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Posted by on July 15, 2010

Glamping: glamourous camping; combining the splendor of the great outdoors with the comfort of a top-tier hotel.

I suffer from a disease called Seasonal Affective Disorder (SAD). I’ve had this for as long as I’ve known. The symptoms are depression brought on by a lack of exposure to natural sunlight. This is blamed on the circadian rhythm or so-called biological internal clocks. Other symptoms may include a craving for sugary foods such as sweets, candies, and refined carbohydrates. The answer to this is remarkably simple. In order to reverse Seasonal Affective Disorder (SAD), the only treatment necessary is of course to get more natural sunlight on your skin. Herein, lies my problem. It’s been constant rain here for three days without a hint of sunlight. I find myself looking forward to going back to work instead of pining for off days. Of course, a lot of that has to do with the fact that I love my job. But then at five this afternoon, the deluged stopped. And in moments there was a glint of sun starting to peer through the lengthy maples. I must get out. I’ve even had enough of the History Channel’s American Pickers. I needed the daily 90 minute trek to get the blood flowing, the synapses firing, and to fight this nemesis SAD. This would enable thoughts to run rampant, entertaining me along the way. It always does. Motion creates emotion. And as I walked I wondered how and why I got to this point….that of fulltiming. It all began in 1962. I was ten with a brother two years my junior. My mother was pregnant with my sister. Dad was away for eight weeks taking summer courses in pursuit of an administrative degree. His goal was to become a more lucrative provider for his young family. Every Saturday we went shopping to the city of Uniontown. I cherished these trips as I knew a stop at Franks Auto was in store. At that time, they possessed the best fishing equipment a young lad could dream about. I had a penchant for stuff which still remains intact today. But one such weekend in July we went to the Sears and Roebuck store. This had to be the largest retailer I’ve seen in my young life. I still remember the oiled wooden floors and going to the basement for the really big appliances. I was euphoric as thoughts of a colored television ran through my head. But the parents had other ideas. Mom wanted to can and freeze food in order to save some money. What an odd thought. Not to save money but to go through all that work just to freeze garden vegetables. Nevertheless, they purchased the largest chest freezer available and without any damage, I was bequeathed the giant cardboard box it came in. It would prove to be my first foray into sleeping outside the home. We even cut skylights in it’s roof to watch the passing stars. I was hooked by the pallete of stars in the night sky.-By the time my teens rolled around this would give way to the cumbersome canvas Baker tent introduced to me by the Boy Scouts of America. The love of ‘camping’ continued and was forced on my wife-to-be. Robin’s love for me proved far greater than her desire to sleep on the gound. She eventually agreed to external-framed backpacks, nylon two-man tents, and weekends of miles put on hiking boots until finally common sense gave way to blisters. The camping would continue until the children came along and we purchased our first used pop-up trailer. The years in the pop-up would provide memories that are discussed even today. As the years passed and our financial futures became brighter we graduated to new pop-ups, travel trailers, Class C’s, and five Class A’s, three of which were deisel pushers. And with each new RV, more and more amenities came along. But regardless of the frills there were always campfires, S’mores, gallons of Kool Aid and a bevvy of children running around. Time has a way of changing everything. The children are now adults and have their own lives. Convection ovens and hydraulic jacks have taken over Coleman propane stoves and wooden planks. The Kool Aid and S’mores exchanged for wine and yogurt and fruit. But the campfires remain constant and nothing deters that but Mother Nature. And the myriad of children running to and fro has been altered by Baby Boomers sitting adjacent the flames sharing stories of how they too have gone from roughing it to glamping. We’re still camping, but on leather couches, satellite TV, a queen size bed, and electricity at the tough of a button. Perhaps this fulltiming is a reach back to a more innocent time, maybe its nostalgia. But for me, its the independence, the ability to move at a moment’s notice, and a constant need to be entertained with eye candy. However, we do it now while pampering our asses. Thank goodness for the sun.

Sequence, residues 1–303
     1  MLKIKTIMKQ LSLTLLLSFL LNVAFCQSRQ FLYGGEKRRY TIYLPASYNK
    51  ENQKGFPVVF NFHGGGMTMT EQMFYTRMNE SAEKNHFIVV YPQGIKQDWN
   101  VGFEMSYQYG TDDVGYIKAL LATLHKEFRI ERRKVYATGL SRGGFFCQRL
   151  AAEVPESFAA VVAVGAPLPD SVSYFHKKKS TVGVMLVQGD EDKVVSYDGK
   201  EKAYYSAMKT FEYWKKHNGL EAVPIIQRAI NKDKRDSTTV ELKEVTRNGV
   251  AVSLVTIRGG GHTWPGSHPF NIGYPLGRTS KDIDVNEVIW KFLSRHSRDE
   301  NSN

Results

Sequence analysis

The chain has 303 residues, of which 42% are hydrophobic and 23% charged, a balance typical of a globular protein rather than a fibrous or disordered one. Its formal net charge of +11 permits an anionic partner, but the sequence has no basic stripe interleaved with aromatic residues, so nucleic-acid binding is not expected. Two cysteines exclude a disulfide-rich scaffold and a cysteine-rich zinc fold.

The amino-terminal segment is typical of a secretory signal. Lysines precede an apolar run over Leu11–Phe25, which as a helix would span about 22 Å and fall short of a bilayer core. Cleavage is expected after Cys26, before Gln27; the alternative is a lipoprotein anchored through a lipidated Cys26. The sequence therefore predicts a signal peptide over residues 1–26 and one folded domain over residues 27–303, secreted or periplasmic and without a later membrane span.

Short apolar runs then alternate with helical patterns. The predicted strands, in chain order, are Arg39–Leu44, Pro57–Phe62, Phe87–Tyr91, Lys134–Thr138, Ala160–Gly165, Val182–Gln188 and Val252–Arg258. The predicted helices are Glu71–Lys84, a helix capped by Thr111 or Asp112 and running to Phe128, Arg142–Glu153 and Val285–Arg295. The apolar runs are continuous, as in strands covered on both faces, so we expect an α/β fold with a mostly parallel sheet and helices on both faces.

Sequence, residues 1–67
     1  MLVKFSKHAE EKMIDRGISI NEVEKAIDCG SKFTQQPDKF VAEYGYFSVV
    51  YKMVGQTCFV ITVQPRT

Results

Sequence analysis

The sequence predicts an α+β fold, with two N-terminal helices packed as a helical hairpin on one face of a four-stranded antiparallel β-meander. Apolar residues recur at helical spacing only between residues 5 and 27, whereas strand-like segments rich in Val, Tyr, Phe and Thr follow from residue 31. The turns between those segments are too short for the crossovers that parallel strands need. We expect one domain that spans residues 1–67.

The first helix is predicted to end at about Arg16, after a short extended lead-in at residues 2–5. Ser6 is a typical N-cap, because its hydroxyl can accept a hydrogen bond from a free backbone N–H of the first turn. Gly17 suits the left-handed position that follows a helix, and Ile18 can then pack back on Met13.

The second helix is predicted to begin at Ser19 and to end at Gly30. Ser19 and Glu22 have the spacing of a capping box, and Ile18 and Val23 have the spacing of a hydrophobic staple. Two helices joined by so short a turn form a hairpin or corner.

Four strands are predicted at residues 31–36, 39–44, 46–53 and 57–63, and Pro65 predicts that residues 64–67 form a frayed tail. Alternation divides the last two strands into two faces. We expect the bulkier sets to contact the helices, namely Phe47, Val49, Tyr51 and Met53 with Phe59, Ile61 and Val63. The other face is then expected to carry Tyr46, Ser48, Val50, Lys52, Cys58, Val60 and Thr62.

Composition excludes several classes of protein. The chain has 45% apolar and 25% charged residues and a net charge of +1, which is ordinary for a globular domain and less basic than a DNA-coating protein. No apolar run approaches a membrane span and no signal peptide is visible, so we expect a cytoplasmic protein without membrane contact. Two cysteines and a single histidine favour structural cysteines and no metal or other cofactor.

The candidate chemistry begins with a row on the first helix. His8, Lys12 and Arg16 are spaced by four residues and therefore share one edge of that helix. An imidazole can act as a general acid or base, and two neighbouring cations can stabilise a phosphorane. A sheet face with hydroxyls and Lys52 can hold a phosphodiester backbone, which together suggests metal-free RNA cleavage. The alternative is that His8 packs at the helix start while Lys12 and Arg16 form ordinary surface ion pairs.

9 Responses to “Glamping”

  1. Debbie

    Gypsy Larry, my Jim, too is also plagued with the SAD, and is already dreading it…….he goes by the height of the field corn……which is already beginning to tassel here. We had not had the days of rain thank goodness, although we need it, but, we do have the dreaded Hell Week, which is almost worse, midnite shift, which rolls around every third…….he actually knows how many that he will work until he retires……he has major plans for finishing his shop this winter, which has many windows and bright lights, so hopefully that will “ease his pain”……as for your camping…….you instilled it in my son…..who has decided since the birth of his new daughter, and since his first camping trip with you and Robin, that now they need an RV for family camping trips when they’re not on the Bayliner at Greene Cove ! Happy Trails to you!

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